Charles Coleman (actor)

Charles Pearce Coleman (December 22, 1885 – March 8, 1951) was an Australian-born American character actor of the silent and sound film eras.

Charles Coleman
The Rage of Paris 5.jpg
Danielle Darrieux and Charles Coleman in The Rage of Paris (1938)
Born
Charles Pearce Coleman

(1885-12-22)December 22, 1885
DiedMarch 8, 1951(1951-03-08) (aged 65)
OccupationActor
Years active1915–1949
Spouse(s)Beatrice[1]

Early yearsEdit

Coleman was born in Sydney, New South Wales, Australia, on December 22, 1885.[2]

CareerEdit

Coleman began his film career in the 1915 silent film, The Mummy and the Humming Bird, which was also the screen debut of Charles Cherry, a noted stage actor.[3] In more than half of his 200 performances in films, he appeared as a butler, doorman/concierge, valet, or waiter.[4] In the 1930s, Coleman appeared in such films as Beyond Victory (1931), starring Bill Boyd and James Gleason,[5] the Wheeler & Woolsey comedy Diplomaniacs (1933),[6] 1934's Born to Be Bad which starred Loretta Young and Cary Grant,[7] the 1934 version of Of Human Bondage starring Bette Davis and Leslie Howard,[8] the first film to star the pairing of Fred Astaire and Ginger Rogers, The Gay Divorcee (1935),[9] the first feature-length film to be shot entirely in Technicolor, Becky Sharp,[10] 1936's Magnificent Obsession starring Irene Dunne and Robert Taylor,[11] the Spencer Tracy vehicle, Captains Courageous (1937),[12] The Prince and the Pauper (1937), starring Errol Flynn and Claude Rains,[13] and the Reginald Owen version of A Christmas Carol (1938).[14]

In the 1940s, Coleman's films included: Buck Privates (1941), the first film starring the comedy duo of Abbott and Costello;[15] 1943's Du Barry Was a Lady, starring Red Skelton, Lucille Ball, and Gene Kelly;[16] Orson Welles and Joan Fontaine in the 1944 version of Jane Eyre;[17] the 1945 film The Picture of Dorian Gray, with George Sanders, Donna Reed, Angela Lansbury, and Peter Lawford;[18] and the 1949 comedy A Connecticut Yankee in King Arthur's Court, starring Bing Crosby and Rhonda Fleming.[19]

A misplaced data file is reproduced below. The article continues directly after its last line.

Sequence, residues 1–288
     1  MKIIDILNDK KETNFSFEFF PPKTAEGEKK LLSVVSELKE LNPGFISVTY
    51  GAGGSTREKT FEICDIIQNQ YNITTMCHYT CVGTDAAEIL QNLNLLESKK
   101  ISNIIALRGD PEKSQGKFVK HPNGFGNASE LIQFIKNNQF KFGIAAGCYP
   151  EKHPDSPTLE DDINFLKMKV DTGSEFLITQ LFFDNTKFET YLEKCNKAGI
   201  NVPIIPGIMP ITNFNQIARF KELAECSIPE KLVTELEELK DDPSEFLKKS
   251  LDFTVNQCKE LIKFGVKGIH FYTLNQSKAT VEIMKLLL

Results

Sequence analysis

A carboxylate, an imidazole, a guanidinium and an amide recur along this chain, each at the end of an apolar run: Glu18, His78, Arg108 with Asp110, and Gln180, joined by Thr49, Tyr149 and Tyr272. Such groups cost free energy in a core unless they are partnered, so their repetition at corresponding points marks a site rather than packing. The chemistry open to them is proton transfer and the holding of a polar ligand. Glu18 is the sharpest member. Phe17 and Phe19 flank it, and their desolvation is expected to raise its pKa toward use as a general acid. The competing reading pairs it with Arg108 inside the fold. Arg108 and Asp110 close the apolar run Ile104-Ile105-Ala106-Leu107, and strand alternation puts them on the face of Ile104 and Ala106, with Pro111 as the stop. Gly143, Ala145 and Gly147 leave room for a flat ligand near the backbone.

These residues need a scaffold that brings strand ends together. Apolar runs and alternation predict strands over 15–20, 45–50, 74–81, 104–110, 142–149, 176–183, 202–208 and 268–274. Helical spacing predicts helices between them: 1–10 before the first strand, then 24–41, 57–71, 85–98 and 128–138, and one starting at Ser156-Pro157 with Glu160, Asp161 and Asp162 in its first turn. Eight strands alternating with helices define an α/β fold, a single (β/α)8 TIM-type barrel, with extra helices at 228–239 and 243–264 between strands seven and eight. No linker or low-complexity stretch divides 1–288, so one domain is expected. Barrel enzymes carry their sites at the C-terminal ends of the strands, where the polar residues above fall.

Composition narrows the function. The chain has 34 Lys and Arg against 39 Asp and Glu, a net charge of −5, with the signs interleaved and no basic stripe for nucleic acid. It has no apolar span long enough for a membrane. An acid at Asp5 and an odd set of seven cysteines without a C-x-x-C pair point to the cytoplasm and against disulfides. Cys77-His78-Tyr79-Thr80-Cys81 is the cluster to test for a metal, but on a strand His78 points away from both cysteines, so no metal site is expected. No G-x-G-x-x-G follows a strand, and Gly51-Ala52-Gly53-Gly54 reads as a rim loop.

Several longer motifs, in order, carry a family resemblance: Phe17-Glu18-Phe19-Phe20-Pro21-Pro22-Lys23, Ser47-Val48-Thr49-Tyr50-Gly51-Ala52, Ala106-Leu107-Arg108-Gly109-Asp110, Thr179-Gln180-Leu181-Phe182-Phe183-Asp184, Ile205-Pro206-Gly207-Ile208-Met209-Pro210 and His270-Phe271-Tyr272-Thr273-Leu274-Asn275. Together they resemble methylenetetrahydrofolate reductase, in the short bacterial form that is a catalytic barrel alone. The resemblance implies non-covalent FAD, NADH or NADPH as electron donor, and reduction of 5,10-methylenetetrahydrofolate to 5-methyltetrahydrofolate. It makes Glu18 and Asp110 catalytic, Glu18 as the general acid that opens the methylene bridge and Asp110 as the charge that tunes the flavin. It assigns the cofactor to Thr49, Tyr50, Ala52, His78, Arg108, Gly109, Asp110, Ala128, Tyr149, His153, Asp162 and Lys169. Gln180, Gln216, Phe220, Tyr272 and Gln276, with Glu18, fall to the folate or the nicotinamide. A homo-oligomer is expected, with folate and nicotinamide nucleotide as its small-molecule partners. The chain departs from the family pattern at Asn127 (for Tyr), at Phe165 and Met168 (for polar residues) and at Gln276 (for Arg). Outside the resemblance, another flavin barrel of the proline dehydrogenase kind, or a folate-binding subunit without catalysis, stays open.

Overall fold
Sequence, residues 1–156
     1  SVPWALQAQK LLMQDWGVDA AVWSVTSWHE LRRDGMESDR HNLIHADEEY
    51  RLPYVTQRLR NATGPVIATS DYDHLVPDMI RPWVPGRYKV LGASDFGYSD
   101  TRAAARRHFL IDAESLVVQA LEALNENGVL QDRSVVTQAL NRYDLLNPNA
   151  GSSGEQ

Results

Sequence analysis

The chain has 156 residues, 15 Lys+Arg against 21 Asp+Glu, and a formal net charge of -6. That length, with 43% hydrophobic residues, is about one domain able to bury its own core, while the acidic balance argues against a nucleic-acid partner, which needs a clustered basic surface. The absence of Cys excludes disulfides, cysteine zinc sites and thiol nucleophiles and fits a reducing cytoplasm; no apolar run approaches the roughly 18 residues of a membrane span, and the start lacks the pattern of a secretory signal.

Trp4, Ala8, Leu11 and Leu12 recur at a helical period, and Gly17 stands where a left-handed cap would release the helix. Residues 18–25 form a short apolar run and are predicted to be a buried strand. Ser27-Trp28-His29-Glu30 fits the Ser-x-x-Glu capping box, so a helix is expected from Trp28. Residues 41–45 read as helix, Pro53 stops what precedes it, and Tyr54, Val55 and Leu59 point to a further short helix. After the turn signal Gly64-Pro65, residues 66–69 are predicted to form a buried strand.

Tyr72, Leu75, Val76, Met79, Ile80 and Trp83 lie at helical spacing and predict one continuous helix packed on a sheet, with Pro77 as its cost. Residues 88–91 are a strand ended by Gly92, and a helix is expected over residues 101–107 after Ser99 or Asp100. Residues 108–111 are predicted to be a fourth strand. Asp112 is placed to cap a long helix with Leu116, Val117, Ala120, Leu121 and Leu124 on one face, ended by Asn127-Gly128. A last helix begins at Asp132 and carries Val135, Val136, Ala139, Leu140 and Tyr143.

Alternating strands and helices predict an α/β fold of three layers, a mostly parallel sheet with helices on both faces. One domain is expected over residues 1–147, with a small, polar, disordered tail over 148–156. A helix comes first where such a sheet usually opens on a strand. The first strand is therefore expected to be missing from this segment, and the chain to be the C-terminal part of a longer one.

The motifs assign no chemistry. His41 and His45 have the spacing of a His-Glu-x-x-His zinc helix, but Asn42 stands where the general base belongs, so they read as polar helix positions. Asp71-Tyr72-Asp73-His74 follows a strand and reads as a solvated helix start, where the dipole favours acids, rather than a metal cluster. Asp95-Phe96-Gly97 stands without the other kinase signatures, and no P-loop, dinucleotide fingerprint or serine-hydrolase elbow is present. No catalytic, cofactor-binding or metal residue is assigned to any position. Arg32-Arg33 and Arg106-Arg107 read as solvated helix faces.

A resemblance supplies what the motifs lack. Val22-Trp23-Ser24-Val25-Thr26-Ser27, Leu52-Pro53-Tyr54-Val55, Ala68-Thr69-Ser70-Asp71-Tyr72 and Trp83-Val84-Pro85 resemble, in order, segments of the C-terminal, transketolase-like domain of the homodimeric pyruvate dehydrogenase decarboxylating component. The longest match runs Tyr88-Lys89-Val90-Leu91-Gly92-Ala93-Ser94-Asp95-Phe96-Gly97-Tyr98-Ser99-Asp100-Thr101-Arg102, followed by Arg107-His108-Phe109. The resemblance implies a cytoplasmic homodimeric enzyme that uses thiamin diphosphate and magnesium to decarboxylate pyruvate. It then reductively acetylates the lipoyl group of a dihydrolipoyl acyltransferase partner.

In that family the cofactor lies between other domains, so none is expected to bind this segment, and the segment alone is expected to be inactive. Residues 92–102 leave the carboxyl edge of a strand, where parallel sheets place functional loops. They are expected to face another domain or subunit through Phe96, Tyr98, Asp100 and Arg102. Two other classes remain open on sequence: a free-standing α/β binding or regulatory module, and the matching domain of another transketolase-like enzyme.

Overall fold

The last film Coleman worked on was the Gene Autry vehicle, The Blazing Sun, (1950).[20] Double Dynamite (1951), starring Jane Russell, Groucho Marx, and Frank Sinatra, was the final film released in which he appeared. Coleman had worked on the film in 1948, but it was shelved for several years by Howard Hughes, and not released until after Coleman's death.[21]

Coleman's work on stage included being leading man for Pauline Frederick in productions that toured Australia and the United States.[22] On Broadway, he performed in Porgy and Bess (1943), Amourette (1933), Face the Music (1932), Nina Rosa (1930), Colonel Newcome (1917), The Merry Wives of Windsor (1916), The Adventure of Lady Ursula (1915), and Secret Strings (1914).[23]

DeathEdit

Coleman died of a stroke at the Motion Picture Country Home in Los Angeles[22] on March 8, 1951,[24] at age 66[22]and was cremated and interred at Chapel Of The Pines Crematory in Los Angeles.[citation needed]

FilmographyEdit

(Per AFI database)[25]

ReferencesEdit

  1. ^ "Charles Coleman obituary LA Times 9 Mar 1951 - Newspapers.com". Los Angeles Times.
  2. ^ Ellenberger, Allan R. (May 2001). Celebrities in Los Angeles Cemeteries: A Directory. McFarland. p. 23. ISBN 978-0-7864-0983-9. Retrieved November 22, 2020.
  3. ^ "The Mummy and the Humming Bird". American Film Institute. Retrieved December 22, 2014.
  4. ^ "Charles Coleman: Complete Filmography". Turner Classic Movies. Retrieved December 22, 2014.
  5. ^ "Beyond Victory". American Film Institute. Retrieved December 22, 2014.
  6. ^ "Diplomaniacs". American Film Institute. Retrieved December 22, 2014.
  7. ^ "Born to Be Bad". American Film Institute. Retrieved December 22, 2014.
  8. ^ "Of Human Bondage". American Film Institute. Retrieved December 22, 2014.
  9. ^ "The Gay Divorcee". American Film Institute. Retrieved December 22, 2014.
  10. ^ "Becky Sharp". American Film Institute. Retrieved December 22, 2014.
  11. ^ "Magnificent Obsession". American Film Institute. Retrieved December 22, 2014.
  12. ^ "Captains Courageous". American Film Institute. Retrieved December 22, 2014.
  13. ^ "The Prince and the Pauper". American Film Institute. Retrieved December 22, 2014.
  14. ^ "A Christmas Carol". American Film Institute. Retrieved December 22, 2014.
  15. ^ "Buck Privates". American Film Institute. Retrieved December 22, 2014.
  16. ^ "Du Barry Was a Lady". American Film Institute. Retrieved December 22, 2014.
  17. ^ "Jane Eyre". American Film Institute. Retrieved December 22, 2014.
  18. ^ "The Picture of Dorian Gray". American Film Institute. Retrieved December 22, 2014.
  19. ^ "A Connecticut Yankee in King Arthur's Court". American Film Institute. Retrieved December 22, 2014.
  20. ^ "The Blazing Sun". American Film Institute. Retrieved December 22, 2014.
  21. ^ "Double Dynamite". American Film Institute. Retrieved December 22, 2014.
  22. ^ a b c "Charles Coleman". The New York Times. March 9, 1951. p. 25. ProQuest 111820851. Retrieved November 22, 2020 – via ProQuest.
  23. ^ "Charles Coleman". Internet Broadway Database. The Broadway League. Archived from the original on November 22, 2020. Retrieved November 22, 2020.
  24. ^ "Charles Coleman". The Bazar Movie. Archived from the original on December 22, 2014. Retrieved December 22, 2014.
  25. ^ "Charles Coleman". American Film Institute. Retrieved December 22, 2014.

External linksEdit